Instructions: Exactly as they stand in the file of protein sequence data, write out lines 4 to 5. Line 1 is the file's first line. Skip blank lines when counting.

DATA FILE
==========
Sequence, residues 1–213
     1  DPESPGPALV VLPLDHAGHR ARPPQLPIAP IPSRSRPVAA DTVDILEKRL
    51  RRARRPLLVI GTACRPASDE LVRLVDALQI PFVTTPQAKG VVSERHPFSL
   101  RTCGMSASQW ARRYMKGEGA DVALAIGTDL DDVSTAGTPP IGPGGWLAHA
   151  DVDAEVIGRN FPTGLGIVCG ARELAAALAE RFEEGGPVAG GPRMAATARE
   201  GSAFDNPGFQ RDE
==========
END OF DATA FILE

   101  RTCGMSASQW ARRYMKGEGA DVALAIGTDL DDVSTAGTPP IGPGGWLAHA
   151  DVDAEVIGRN FPTGLGIVCG ARELAAALAE RFEEGGPVAG GPRMAATARE